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Actually I had a .rtf file and from that I was trying to create a csv file. While searching I saw that I have convert it into plain text and then to csv file. But right now I am kind of stuck with logic. I am not getting idea what to apply to move forward.

I have below data which I want to convert to csv.

Input :

Search Target Redmond40_MAS  Log Written 01/18/2013 9:13:19 Number of attempts 1
Search Target Redmond41_MAS  Log Written 01/19/2013 9:15:16 Number of attempts 0

Output :

Search Target,Log Written,Number of attempts
Redmond40_MAS,01/18/2013 9:13:19,1
Redmond41_MAS,01/19/2013 9:15:16,0

If there was any delimiter then I would have done it but in this case I know are the "keys" i.e. header values but not getting the idea how to extract corresponding contents.

Any suggestion will help.

import java.io.*;
import javax.swing.text.BadLocationException;
import javax.swing.text.Document;
import javax.swing.text.rtf.RTFEditorKit;

public class Rtf2Csv {

    public static void main(String[] args) {
        RTFEditorKit rtf = new RTFEditorKit();
        Document document = rtf.createDefaultDocument();
        try {
            FileInputStream fi = new FileInputStream("test.rtf");
            rtf.read(fi, document, 0);
        } catch (FileNotFoundException e) {
            System.out.println("File not found");
        } catch (IOException e) {
            System.out.println("I/O error");
        } catch (BadLocationException e) {
        String output = "Search Target,Log Written,Number of attempts";
        try {
            String text = document.getText(0, document.getLength());
            text = text.replace('\n', ' ').trim();
            String[] textHeaders = text

            String[] header = { "Search Target", "Log Written",
                    "Number of attempts"};
            int headLen = header.length;
            int textLen = textHeaders.length;
            for (int i = 0; i < textLen; i++) {
                String finalString = "";
                String partString = textHeaders[i];
                for (int j = 0; j < headLen; j++) {
                    int len = header[j].length();
                    if (j + 1 < header.length)
                        finalString += partString.substring(
                                partString.indexOf(header[j]) + len,
                                partString.indexOf(header[j + 1])).trim()
                                + ",";
                        finalString += partString.substring(
                                partString.indexOf(header[j]) + len).trim();
                output += "\n" + finalString;
        } catch (BadLocationException e) {
            // TODO Auto-generated catch block
        try {
            FileWriter writer = new FileWriter("output.csv");
        } catch (IOException e) {
            // TODO Auto-generated catch block



I have written this code. Is there any better way to improve it?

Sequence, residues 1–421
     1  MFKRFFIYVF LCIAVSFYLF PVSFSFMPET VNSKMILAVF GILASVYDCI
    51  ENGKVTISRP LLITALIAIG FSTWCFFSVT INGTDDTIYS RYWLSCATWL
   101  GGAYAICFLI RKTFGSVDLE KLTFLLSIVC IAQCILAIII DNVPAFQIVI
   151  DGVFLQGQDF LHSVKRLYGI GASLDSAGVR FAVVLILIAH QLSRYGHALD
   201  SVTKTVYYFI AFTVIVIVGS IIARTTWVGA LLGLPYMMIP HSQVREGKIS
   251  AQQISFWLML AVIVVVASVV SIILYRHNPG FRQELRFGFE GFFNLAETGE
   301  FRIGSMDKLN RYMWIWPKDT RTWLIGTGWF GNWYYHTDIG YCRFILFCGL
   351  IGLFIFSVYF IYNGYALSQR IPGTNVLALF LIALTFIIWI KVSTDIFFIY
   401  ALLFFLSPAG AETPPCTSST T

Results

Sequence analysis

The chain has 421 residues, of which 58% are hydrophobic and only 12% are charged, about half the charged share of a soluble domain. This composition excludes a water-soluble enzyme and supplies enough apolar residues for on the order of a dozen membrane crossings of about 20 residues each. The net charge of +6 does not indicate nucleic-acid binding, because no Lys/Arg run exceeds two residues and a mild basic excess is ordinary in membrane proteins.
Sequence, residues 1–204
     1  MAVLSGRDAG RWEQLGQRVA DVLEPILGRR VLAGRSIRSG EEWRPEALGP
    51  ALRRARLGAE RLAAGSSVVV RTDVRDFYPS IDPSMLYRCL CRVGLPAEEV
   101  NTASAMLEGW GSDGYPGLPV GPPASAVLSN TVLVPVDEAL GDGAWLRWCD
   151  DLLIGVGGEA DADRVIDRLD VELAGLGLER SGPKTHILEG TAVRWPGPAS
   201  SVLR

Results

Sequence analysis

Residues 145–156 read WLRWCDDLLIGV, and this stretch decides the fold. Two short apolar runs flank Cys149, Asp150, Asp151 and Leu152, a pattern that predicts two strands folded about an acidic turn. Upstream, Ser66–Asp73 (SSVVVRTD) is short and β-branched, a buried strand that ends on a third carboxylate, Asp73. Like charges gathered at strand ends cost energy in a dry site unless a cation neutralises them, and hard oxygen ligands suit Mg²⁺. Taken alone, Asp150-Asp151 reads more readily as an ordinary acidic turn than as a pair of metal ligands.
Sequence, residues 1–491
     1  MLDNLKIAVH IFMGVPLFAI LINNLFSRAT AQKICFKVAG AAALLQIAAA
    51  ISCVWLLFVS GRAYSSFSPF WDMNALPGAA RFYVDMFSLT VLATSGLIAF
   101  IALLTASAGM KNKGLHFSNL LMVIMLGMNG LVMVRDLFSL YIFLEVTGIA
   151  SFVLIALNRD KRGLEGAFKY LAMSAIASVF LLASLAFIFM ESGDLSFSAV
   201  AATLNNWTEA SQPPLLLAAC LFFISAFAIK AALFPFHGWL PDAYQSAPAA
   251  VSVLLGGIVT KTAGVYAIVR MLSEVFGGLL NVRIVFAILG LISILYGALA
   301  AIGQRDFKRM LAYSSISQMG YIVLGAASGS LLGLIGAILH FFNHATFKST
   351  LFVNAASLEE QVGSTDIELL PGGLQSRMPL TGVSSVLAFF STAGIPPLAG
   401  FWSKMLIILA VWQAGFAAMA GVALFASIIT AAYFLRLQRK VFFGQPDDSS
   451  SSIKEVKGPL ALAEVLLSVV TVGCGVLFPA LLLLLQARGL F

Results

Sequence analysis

share|improve this question
Use StringBuilder instead of those +es –  RobAu Feb 9 '13 at 23:46
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4 Answers

I would suggest using Scanner or StringTokenizer. There is an in depth explanation here:

Scanner vs. StringTokenizer vs. String.Split

Something like this should do it:

StringTokenizer s = new StringTokenizer("Search Target Redmond40_MAS  Log Written 01/18/2013 9:13:19 Number of attempts 1"

String out = new String();

while (s.hasMoreTokens()) {
   out =  s.nextToken() + "," + out ;
share|improve this answer
In StringTokenizer or String.split, I would need some delimiter. But in my case I have list of the "headers". As per your suggestion it will take space as delimiter and also the order won't be same as required. –  abbie Feb 9 '13 at 21:56
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If the columns you are interested in are of a fixed width, you may open the txt file in Excel and place column dividers where desired.

It would be simple to export from Excel as a csv.

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If you are sure it is fixed width, then just calculate the length of the fields. Otherwise, I would recommend writing a simple parser. You might get lucky with the correct regular expression, but from my experience this can be a lot of trail and error.

It should not be too hard to parse it...

share|improve this answer
Its giving me correct answer but I am not sure for big files. –  abbie Feb 9 '13 at 23:41
For big files you should not read the entire document in memory (unless it fits) and make your code streaming, by processing each line, then writing it to your file. For CSV I recommend the SuperCSV lib instead of coding your own. –  RobAu Feb 9 '13 at 23:45
Its a rtf file so I would need to process that into plain text first. How do I read rtf file line by line? –  abbie Feb 10 '13 at 10:34
No idea :) Mayby apache-poi can do it? Or you could code up your own or google for it. The RTF format is always under development, see en.wikipedia.org/wiki/Rich_Text_Format. –  RobAu Feb 11 '13 at 17:07
RTKEditor kit can read a certain amount instead of all too.. docs.oracle.com/javase/6/docs/api/javax/swing/text/rtf/… –  RobAu Feb 11 '13 at 17:10
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If you want to read it in line by line you can use something like this:

public int countLines(File inFile)
   int count = 0;
   Scanner fileScanner = new Scanner(inFile);

   while(fileScanner.hasNextLine()) //if you are trying to count lines
   {                                //you should use hasNextLine()
       fileScanner.nextLine() //advance the inputstream

   return count;

Does this answer your question?

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